After initially building his career on “tough guy” roles Lancaster abandoned his “all-American” image in the late 1950s in favor of more complex and challenging roles, and came to be regarded as one of the best motion picture actors of his generation.
Lancaster was nominated four times for Academy Awards and won once for his work in Elmer Gantry in 1960. He also won a Golden Globe for that performance and BAFTA Awards for The Birdman of Alcatraz (1962) and Atlantic City (1980). His production company, Hecht-Hill-Lancaster, was the most successful and innovative star-driven independent production company in Hollywood in the 1950s, making movies such as Marty (1955), Trapeze (1956), Sweet Smell of Success (1957), and Separate Tables (1958).
In 1999, the American Film Institute named Lancaster 19th among the greatest male stars of all time.
Lancaster was born in East Harlem, New York City, at his parents’ home at 209 East 106th Street, between Second and Third Avenues, today the site of Benjamin Franklin Plaza. Lancaster was the son of Elizabeth (née Roberts) and James Henry Lancaster, who was a postman. Both of his parents were Protestants of working-class origin. All of Lancaster’s grandparents were Northern Irish immigrants to the U.S.; his maternal grandparents were from Belfast, and were descendants of English immigrants toIreland. The family believed themselves to be related to Frederick Roberts, 1st Earl Roberts. Lancaster grew up in East Harlem and spent much of his time on the streets, where he developed great interest and skill in gymnastics while attending DeWitt Clinton High School, where he was a basketball star. Before he graduated from DeWitt Clinton, his mother died of a cerebral hemorrhage. Lancaster was accepted into New York University with an athletic scholarship but subsequently dropped out.
At the age of 19, Lancaster met Nick Cravat, with whom he continued to work throughout his life. Together they learned to act in local theatre productions and circus arts at Union Settlement, one of the city’s oldest settlement houses. They formed the acrobat duo “Lang and Cravat” in the 1930s and soon joined the Kay Brothers circus. However, in 1939, an injury forced Lancaster to give up the profession, with great regret. He then found temporary work until 1942 — first as a salesman for Marshall Fields and then as a singing waiter in various restaurants.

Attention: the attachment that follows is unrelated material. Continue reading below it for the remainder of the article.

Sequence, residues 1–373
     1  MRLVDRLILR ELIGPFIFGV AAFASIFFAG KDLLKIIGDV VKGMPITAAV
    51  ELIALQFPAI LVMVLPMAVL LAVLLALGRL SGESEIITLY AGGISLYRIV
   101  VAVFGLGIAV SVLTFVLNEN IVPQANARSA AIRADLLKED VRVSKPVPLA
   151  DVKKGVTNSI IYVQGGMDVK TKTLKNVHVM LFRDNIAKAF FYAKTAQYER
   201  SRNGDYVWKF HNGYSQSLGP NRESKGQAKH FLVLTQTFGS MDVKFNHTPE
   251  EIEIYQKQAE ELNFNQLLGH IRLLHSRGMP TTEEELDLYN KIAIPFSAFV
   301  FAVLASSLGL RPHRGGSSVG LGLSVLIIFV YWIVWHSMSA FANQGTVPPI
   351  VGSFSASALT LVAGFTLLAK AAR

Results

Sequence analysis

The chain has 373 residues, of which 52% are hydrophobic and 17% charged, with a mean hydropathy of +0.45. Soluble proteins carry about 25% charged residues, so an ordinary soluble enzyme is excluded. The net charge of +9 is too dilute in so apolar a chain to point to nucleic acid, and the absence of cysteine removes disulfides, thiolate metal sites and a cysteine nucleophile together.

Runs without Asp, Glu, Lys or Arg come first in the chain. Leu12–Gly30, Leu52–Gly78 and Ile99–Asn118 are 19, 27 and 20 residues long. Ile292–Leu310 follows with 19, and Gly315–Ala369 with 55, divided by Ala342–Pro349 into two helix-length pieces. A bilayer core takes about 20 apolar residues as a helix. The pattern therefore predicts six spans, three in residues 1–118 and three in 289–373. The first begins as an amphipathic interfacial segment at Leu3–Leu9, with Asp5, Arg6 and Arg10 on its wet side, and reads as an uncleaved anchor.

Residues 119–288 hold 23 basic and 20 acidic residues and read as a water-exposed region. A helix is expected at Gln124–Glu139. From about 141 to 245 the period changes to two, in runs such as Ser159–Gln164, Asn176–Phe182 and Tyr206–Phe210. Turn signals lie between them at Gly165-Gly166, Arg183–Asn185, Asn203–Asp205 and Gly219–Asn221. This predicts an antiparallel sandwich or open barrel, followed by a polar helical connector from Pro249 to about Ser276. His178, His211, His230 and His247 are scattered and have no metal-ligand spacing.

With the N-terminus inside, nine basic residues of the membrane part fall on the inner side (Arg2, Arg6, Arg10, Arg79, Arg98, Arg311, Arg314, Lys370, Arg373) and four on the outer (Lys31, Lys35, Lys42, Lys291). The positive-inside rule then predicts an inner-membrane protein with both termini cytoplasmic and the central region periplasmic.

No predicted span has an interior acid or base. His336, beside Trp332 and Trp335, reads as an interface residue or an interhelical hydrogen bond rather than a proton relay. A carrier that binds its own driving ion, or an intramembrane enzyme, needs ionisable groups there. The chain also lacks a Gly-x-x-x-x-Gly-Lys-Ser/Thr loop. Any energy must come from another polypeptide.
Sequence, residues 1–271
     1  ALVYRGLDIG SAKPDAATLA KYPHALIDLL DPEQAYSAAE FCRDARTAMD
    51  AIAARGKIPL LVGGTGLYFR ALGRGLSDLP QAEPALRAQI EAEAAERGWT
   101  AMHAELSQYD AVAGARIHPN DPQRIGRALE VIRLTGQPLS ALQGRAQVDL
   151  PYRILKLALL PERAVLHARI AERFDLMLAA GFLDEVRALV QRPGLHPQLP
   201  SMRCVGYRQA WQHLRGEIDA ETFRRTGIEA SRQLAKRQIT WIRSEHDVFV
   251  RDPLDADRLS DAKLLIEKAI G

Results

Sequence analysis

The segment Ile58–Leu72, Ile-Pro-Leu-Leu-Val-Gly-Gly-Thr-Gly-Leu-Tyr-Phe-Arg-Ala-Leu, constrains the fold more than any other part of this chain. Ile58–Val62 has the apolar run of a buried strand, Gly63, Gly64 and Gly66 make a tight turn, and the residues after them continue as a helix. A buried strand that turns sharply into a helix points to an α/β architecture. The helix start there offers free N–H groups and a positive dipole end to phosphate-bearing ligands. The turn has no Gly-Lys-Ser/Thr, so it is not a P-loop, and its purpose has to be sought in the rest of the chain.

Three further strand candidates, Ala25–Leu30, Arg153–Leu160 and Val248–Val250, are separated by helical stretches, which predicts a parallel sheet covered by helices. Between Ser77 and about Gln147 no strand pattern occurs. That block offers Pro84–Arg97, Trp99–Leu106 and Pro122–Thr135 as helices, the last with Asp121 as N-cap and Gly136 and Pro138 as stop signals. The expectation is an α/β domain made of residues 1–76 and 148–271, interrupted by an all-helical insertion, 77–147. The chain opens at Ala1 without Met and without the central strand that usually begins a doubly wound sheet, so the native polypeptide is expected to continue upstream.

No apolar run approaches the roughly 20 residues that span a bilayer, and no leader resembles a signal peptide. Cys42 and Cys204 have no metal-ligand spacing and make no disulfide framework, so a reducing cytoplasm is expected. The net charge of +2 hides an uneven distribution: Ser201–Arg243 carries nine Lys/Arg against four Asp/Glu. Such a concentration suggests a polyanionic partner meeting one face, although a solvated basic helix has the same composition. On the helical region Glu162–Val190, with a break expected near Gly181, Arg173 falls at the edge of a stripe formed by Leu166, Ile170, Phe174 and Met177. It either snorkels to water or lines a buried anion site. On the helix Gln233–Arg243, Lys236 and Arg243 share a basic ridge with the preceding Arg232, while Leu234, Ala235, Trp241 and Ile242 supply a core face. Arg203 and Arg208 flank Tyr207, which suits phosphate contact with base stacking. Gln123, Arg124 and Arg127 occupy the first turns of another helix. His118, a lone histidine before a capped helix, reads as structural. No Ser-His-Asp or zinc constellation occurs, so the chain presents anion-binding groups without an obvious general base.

The United States having then entered World War II, Lancaster joined the United States Army and performed with the Army’s Twenty-First Special Services Division, one of the military groups organized to follow the troops on the ground and provide USO entertainment to keep up morale. He served with General Mark Clark’s Fifth Army inItaly from 1943–1945.
Though initially unenthusiastic about acting, he returned from service, auditioned for a Broadway play, and was offered a role. Although Harry Brown’s A Sound of Hunting had a run of only three weeks, Lancaster’s performance drew the attention of a Hollywood agent, Harold Hecht, and through him to Hal Wallis, who cast Lancaster in The Killers (1946). (Hecht and Lancaster later formed several production companies in the 1950s to give Lancaster greater creative control.) The tall, muscular actor won significant acclaim and appeared in two more films the following year. Subsequently, he played in a variety of films, especially in dramas, thrillers, and military and adventure films. In two, The Flame and the Arrow and The Crimson Pirate, a friend from his circus years, Nick Cravat, played a key supporting role, and both actors impressed audiences with their acrobatic prowess.
In 1953, Lancaster played one of his best remembered roles with Deborah Kerr in From Here to Eternity. The American Film Institute acknowledged the iconic status of the scene from that film in which he and Deborah Kerr make love on a Hawaiian beach amid the crashing waves. The organization named it one of “AFI’s top 100 Most Romantic Films” of all time.